incentives, have also been excluded from the
computation of subsidies though these are
usually treated as subsidies in the literature.
(d) The Different Elements of Subsidy:
The concept of subsidy adopted in this ex-
ercise actually combines three different
elements of subsidy as demonstrated in the
diagram. Let OY be the quantity of some
service which is publicly provided, YB the
actual cost per unit, YD the efficient cost
per unit and EF the curve of per unit
recoveries. XX is the demand curve for the
service.
The rectangle ABHG measures the total
volume of subsidy actually required in order
to ensure that the market absorbs OY quan-
tity of this publicly provided service if the
market clearing quantity OY' is considered
socially inadequate. However, ABHG has
two components, i e, a necessary element
CDHG which is a genuine allocative subsidy i is an imputed interest rate representing as total expenditure of the jth sector and C
and an additional element ABDC paid to the opportunity cost of money for is not a measure of the total volume of
suppliers to cover their inefficiency. Final- government; public expenditure.
ly, there is a subsidy element GHFE which d is the depreciation rate; The imputed interest rate or the average
need not have been paid to support con- yj is revenue receipts by the sector; cost of money to the government, calculated
sumption level OY, given the state of de- rj. is income by way of interest or dividend as the ratio of domestic interest payments
mand. We may therefore describe this as a on loans and equity; and by government to the stock of domestic
purely distributive subsidy. Thus, our tj is a transfer payment from the sector to public debt, works out to 6.04 per cent. The
measure of subsidy which conceptually cor- individual agents. depreciation rate has been set at 2 per cent
responds to the rectangle ABFE, in fact The total volume of subsidies on all in real terms, assuming an average life of fif-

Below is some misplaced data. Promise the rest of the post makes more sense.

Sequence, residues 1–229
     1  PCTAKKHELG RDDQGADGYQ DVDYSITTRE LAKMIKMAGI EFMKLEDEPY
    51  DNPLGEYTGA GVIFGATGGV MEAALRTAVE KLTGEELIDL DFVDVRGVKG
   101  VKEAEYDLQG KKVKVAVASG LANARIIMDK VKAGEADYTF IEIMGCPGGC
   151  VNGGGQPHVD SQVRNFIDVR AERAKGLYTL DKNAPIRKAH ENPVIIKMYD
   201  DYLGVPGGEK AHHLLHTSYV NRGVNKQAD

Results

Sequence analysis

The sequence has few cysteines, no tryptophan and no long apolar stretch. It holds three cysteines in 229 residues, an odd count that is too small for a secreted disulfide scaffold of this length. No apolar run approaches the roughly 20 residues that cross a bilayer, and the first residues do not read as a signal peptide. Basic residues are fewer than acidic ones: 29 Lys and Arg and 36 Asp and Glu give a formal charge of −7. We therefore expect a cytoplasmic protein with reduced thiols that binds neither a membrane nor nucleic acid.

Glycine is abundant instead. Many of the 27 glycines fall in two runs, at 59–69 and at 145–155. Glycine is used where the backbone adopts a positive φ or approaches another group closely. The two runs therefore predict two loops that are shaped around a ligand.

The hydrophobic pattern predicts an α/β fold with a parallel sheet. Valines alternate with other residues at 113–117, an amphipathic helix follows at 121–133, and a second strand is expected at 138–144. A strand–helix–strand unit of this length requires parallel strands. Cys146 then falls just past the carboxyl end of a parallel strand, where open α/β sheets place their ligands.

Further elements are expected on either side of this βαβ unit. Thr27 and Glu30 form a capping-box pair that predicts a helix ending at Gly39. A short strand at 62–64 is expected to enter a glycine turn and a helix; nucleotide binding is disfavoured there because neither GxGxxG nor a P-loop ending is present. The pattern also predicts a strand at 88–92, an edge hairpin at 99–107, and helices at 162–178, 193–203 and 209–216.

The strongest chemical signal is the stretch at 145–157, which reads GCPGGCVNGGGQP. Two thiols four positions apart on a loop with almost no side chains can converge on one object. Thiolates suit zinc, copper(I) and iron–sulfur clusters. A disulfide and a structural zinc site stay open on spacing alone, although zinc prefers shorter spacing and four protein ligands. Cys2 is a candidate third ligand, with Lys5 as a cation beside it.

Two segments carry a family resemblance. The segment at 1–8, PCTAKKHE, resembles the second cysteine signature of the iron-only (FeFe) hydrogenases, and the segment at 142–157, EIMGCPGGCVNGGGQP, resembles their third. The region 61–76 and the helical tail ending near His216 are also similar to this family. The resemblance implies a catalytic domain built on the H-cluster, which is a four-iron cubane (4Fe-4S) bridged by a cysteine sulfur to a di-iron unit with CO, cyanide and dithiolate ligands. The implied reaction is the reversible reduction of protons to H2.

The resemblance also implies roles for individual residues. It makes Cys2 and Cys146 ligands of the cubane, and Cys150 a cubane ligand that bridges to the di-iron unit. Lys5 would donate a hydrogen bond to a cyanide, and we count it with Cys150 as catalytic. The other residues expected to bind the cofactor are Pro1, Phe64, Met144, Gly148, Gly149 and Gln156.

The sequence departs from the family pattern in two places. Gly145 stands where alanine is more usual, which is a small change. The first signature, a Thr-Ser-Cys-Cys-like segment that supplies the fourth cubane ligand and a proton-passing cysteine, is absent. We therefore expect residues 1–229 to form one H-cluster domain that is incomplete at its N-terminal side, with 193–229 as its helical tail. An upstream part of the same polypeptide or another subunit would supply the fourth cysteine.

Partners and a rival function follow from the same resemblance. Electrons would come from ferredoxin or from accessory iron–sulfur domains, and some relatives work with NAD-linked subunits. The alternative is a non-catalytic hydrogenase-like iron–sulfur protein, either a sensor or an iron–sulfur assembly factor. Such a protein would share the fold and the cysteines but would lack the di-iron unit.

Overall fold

combines three distinct elements, i e, a pro- serives is given by ty years for capital stock in government ac-
ducers subsidy, the allocative subsidy and a tivities as on March 31, 1987.5 Allowing for
distributive subsidy. However, it is not possi- an inflation rate of 7.4 per cent this works
ble to disentangle these different elements out to 10.4 per cent depreciation in nominal
of the subsidy without detailed estimates of terms.
cost and demand functions for all the dif- Similarly the cost of any service j The data used for the exercise has been
ferent subsidies. drawn primarily from the Finance Accounts
(e) Method of Computation: The exercise of the Union and State governments publish-
covers the provision of public services by the ed by the Office of the Comptroller and
Central government and fourteen major while the total cost of all services, including Auditor General. This has been supple-
State governments for the year 1987-88. In transfer payments and pure public services mented by additional information drawn
all, there are 123 major categories of public is given by from budget documents and the Indian
services or sectors of government activity Economic Statistics: Public Finance publish-
identifiable from the budget classification, ed by the ministry of finance
of which 37 sectors in general administrative The concept of subsidy employed in mis
services, etc, are treated as pure public ser- study should be distinguished from the con-
vices. For each of the remaining 86 social Notice that in calculating the cost of a ser- cepts used in the budget and National Ac-
and economic services subsidy has been vice we have added the variable cost or counts. The concept of 'subsidy' used in the